DIY padsicles are trending as an effective way to soothe postpartum soreness. This guide shows you their benefits and how to start making your own.
Giving birth is exciting, empowering and leaves you with a precious little bundle of joy in the end. However, the postpartum recovery process often leaves the most delicate part of your body feeling less than comfortable. Women have been using soothing cold packs for many years to ease the pain they feel after giving birth. Today, DIY padsicles are a popular way to ease vaginal soreness so that you can focus on your baby.
What to Expect After a Vaginal Birth
The process of giving birth requires the birth canal to stretch to accommodate the baby’s head and body. While there is plenty of room for the baby to come down the canal, all of that stretching can lead to some vaginal trauma. Bruising and swelling of the tissues in your perineal region are common symptoms. You might also have some small tears and abrasions. If you have an episiotomy, then you’ll also have a cut along with stitches that take time to heal. The severity of the pain and discomfort you feel will depend upon how much stretching occurs, and DIY padsicles are designed to address all of these symptoms.
How Padsicles Help Soothe Postpartum Symptoms
A padsicle is essentially a normal menstrual pad that has been frozen with water on it so that you have an easy way to use cold therapy as part of your postpartum wellness routine. You will need to wear a pad to address bleeding after you have your baby, and making the pad cold helps to soothe irritation and inflammation.
Use DIY Padsicles as an Herbal Poultice
Some women prefer to add herbs to their padsicle that provide further benefits for reducing postpartum discomfort. Witch hazel is a common additive that can safely be used on the vaginal area. It works to ease inflammation by drawing moisture from swollen tissues. Aloe vera is another common additive that can aid in healing while providing mild pain relief. As you choose your herbs, keep in mind that some can generate unwanted reactions. Stick to ones that you know your skin tolerates well already, or consult with your physician before trying something new.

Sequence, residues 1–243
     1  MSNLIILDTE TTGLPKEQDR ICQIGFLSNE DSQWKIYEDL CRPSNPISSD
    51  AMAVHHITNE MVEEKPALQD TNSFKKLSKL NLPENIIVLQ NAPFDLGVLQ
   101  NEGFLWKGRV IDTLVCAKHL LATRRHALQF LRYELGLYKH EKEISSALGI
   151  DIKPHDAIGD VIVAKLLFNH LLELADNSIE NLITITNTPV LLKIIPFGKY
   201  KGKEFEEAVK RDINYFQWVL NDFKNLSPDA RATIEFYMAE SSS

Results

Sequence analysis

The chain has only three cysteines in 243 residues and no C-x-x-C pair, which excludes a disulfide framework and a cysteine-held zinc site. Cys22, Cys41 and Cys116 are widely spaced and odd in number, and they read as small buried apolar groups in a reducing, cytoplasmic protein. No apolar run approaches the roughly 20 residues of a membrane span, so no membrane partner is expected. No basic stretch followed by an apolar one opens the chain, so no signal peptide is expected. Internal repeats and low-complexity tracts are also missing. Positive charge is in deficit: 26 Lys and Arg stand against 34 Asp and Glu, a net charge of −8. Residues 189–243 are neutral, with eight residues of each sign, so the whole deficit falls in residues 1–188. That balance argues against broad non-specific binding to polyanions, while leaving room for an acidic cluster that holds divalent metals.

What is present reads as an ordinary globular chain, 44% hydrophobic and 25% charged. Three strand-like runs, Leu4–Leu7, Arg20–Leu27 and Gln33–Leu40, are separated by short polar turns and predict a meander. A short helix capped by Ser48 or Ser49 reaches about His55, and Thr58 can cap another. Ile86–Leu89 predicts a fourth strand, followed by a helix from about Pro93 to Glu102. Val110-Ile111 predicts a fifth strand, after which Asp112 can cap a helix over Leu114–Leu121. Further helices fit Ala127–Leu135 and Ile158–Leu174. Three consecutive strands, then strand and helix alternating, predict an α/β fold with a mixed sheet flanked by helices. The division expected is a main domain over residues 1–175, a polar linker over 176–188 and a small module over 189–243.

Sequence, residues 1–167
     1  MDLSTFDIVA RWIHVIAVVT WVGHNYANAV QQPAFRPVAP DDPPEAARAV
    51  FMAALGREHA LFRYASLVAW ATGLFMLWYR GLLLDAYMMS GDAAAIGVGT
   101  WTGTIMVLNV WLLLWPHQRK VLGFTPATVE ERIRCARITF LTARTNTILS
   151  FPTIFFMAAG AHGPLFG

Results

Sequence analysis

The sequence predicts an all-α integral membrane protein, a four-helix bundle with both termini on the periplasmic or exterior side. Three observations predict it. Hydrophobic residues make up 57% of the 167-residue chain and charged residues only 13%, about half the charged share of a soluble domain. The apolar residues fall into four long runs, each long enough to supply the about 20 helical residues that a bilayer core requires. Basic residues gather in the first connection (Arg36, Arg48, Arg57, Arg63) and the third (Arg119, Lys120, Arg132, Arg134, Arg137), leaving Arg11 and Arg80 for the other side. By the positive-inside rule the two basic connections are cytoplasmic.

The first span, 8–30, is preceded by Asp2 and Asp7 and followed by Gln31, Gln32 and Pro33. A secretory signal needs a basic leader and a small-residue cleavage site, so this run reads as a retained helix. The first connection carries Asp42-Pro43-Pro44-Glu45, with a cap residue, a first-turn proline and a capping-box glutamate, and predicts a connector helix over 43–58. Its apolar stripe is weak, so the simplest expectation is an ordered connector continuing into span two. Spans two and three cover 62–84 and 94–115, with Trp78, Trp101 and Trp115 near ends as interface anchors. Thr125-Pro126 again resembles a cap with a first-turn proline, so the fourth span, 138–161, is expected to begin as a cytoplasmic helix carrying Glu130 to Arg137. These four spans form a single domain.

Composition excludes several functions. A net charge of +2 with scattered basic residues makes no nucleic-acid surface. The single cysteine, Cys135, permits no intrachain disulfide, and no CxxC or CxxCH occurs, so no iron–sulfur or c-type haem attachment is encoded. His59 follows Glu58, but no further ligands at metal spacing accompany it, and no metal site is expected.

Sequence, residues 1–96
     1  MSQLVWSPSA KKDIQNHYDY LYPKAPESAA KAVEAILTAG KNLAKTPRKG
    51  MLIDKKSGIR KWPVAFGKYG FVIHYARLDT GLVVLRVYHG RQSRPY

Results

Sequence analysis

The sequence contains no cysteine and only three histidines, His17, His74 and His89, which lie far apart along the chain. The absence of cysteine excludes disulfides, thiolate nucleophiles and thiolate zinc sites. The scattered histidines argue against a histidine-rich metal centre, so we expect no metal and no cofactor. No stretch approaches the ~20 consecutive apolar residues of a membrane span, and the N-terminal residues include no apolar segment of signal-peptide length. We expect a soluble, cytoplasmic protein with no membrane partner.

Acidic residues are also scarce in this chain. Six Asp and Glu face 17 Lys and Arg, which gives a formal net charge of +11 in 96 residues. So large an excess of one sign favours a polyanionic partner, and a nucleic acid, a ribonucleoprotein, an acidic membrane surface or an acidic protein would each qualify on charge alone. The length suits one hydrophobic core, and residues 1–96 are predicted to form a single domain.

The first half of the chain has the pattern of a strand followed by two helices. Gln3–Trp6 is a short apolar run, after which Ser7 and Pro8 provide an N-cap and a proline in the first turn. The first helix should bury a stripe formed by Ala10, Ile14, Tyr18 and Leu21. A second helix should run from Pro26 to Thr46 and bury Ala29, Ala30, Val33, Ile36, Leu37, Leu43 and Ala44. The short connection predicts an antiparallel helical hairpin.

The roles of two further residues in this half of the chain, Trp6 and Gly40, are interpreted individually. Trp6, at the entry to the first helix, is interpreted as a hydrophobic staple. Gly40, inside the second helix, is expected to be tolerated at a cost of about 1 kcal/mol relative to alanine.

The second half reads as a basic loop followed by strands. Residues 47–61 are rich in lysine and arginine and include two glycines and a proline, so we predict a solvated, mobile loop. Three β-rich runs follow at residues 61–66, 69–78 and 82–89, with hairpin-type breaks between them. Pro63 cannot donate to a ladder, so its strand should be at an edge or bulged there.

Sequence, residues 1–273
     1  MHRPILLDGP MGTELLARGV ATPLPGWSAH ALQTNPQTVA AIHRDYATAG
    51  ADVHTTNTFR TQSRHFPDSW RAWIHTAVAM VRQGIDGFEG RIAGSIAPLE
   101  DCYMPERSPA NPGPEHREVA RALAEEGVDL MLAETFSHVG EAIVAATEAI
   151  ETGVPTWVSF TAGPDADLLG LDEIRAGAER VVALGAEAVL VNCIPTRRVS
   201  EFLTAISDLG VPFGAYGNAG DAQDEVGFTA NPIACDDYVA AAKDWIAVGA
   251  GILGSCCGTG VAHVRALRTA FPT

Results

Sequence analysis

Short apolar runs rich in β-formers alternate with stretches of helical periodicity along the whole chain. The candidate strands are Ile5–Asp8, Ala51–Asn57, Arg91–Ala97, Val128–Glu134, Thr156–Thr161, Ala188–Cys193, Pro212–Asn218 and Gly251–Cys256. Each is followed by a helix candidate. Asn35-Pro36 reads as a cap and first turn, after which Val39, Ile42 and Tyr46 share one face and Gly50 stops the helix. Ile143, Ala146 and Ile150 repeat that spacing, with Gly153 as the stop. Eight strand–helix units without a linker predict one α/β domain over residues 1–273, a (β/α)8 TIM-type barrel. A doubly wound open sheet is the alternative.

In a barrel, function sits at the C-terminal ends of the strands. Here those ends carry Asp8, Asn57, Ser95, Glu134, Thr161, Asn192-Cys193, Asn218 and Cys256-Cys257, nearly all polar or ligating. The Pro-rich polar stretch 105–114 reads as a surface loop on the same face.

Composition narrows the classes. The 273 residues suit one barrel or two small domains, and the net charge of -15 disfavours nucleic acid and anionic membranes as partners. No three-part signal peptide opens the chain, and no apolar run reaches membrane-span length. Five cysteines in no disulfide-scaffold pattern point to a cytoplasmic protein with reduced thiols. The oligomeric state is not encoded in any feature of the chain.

How to Make Your Own Padsicles
Making DIY padsicles is easy, and you may even have everything you need at home already. Start by opening up a pad while being careful not to fully remove it from its wrapper. If the pad has wings, then you can remove the paper from the adhesive to cut it up or cut through the middle if it is one piece. If you remove this paper, you’ll replace it after you make your padsicle.
Next, you’ll add pure aloe vera to the pad by squeezing it from the bottle or using a clean spoon. You can spread the aloe from one end of the pad to the other for better coverage once you wear it. Once you’ve applied the aloe, you can then spray witch hazel onto the pad. Be careful not to overdo it because you want the pad to still be absorbent. You can also omit additives and just spray the pad with water if you prefer a completely natural approach.
When to Start Making Your Pads
Most women start making their pads when they are in their final weeks of pregnancy, but you can also make them after you get home from the hospital. You can figure out how many to make at first based upon the likelihood that you will need to change your pad every one to two hours for the first day or two. After that, your flow should require pad changes every three to four hours until it dwindles off.
Ways to Store Them at Home and for the Hospital
Storing the pads is also simple at home. Simply place the padsicles into a large clean plastic bag that you can keep in the freezer. If you prefer, you can use an opaque bag with a label to make sure that other people do not accidentally open it. If you want to take your pads to the hospital, then place the bag in a cooler with ice packs. They should last around one to two days with this storage method.
The answer to whether or not padsicles are worth the hype comes down to your own personal comfort and body’s response to this DIY postpartum treatment. As always, talk to your doctor about the benefits and potential side effects of using herbal poultices after delivery. Then, adjust your strategy according to what you find works best for you. At worst, you might make a few pads that you don’t use up, but you might also find a soothing treatment that becomes your go-to remedy for some of the most common symptoms during your postpartum recovery.
Related Content: Spotting in Early Pregnancy
There are many changes that happen to the body during a normal pregnancy. A first time experience with something like spotting or light bleeding during pregnancy can wreak havoc on the expectant mother’s nerves. Spotting in early pregnancy is a good example of something that can be entirely normal as part of pregnancy in the first stages. Yet, spotting can also be a sign of a problem. It is important to understand when everything is likely fine, when a doctor should be called or when an emergency is in progress.